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Process

Sculptors mold images from hard beeswax mixed with a small amount of dammar (resin) from the shal tree. The wax is carefully molded into that separate parts that comprise the sculpture and then lowered into a basin of cold water where it hardens instantly.

in order to join the individual pieces into a whole, they are returned to a ,alleable state throught brief reheating. Simple tubular struts connect the hands of images to the body provindind both stability to the wax model and channels through which molten bronze will be poured. While the wax is still soft, details, down to the individual beads of a sculpted necklace, are added with a sharp wooden chisel.

We too specialized in making the panchaloga statues which are connected with Hindu religion and Hindu Gods,Religious statues, Indian Bronze statues and sheet metal works, Kavasams, Creative Lamps in Brass and Silver.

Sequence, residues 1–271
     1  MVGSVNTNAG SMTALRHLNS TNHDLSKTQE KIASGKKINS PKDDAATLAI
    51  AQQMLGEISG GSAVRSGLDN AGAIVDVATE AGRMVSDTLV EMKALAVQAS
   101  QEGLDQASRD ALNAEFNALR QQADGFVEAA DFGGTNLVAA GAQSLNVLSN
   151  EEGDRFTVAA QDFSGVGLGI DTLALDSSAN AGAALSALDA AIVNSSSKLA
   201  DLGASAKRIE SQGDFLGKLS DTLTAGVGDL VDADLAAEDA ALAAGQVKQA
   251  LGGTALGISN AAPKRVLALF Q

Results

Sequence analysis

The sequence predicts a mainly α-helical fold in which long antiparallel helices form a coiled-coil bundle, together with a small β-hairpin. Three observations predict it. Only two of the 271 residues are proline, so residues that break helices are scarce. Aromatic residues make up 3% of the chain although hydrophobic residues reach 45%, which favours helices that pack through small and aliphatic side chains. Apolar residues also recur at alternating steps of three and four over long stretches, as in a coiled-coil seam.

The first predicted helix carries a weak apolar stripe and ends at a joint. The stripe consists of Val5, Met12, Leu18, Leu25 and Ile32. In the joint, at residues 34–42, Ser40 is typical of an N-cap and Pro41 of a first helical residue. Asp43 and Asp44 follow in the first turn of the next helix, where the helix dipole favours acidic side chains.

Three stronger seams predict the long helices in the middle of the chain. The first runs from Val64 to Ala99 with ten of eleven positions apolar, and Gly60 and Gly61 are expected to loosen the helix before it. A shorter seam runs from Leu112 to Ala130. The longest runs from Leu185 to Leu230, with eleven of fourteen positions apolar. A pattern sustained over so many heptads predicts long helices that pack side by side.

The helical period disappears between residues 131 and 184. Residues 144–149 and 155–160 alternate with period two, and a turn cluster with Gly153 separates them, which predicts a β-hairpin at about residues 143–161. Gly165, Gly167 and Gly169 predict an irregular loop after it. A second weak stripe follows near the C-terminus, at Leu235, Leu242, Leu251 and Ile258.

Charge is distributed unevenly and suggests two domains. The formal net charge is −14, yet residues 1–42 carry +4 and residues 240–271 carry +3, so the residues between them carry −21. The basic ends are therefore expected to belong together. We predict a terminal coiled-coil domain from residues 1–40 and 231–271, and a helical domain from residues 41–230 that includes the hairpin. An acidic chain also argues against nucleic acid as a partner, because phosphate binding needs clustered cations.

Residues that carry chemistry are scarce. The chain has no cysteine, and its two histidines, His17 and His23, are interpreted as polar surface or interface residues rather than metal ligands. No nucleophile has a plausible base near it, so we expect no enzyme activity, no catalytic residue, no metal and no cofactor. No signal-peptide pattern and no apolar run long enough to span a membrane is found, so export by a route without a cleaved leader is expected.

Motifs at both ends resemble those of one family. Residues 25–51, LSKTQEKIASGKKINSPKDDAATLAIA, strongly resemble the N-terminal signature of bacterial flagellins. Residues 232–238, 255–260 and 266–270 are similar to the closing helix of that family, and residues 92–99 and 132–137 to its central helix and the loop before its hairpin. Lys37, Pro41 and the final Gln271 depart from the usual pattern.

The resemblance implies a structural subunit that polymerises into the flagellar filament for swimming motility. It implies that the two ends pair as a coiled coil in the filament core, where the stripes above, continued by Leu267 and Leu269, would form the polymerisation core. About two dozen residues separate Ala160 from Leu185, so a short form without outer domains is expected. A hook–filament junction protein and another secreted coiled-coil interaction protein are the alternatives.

The heavily clay-encased mold is then baked in a fire pit, melting the wax, which runs out through the channels leaving a perfectly detailed, hollow clay mold. Specialisedmetalworks now take over, heating copper with a small propotion of lead and tin (and in earlier times, small amounts of gold and silver). This alloy is carefulley poured into the clay mold, which has been heated to the temperature of the molten metal. The sculptors carefully chip away the clay and then smooth and polish the bronze, a process that can take anywhere from a few days to several weeks. During the Chola dynasty, only the barest minimum of finishing work, such as removingthe channles of bronze connecting hand to torso, would have remained at this stage. Today, however, artists resort to an extensive amount of cold chiseling that gives a distinct, sharp finish to the details.

After cooling for several days, the clay mold is broken open to reveal a rough version of the sculpture.

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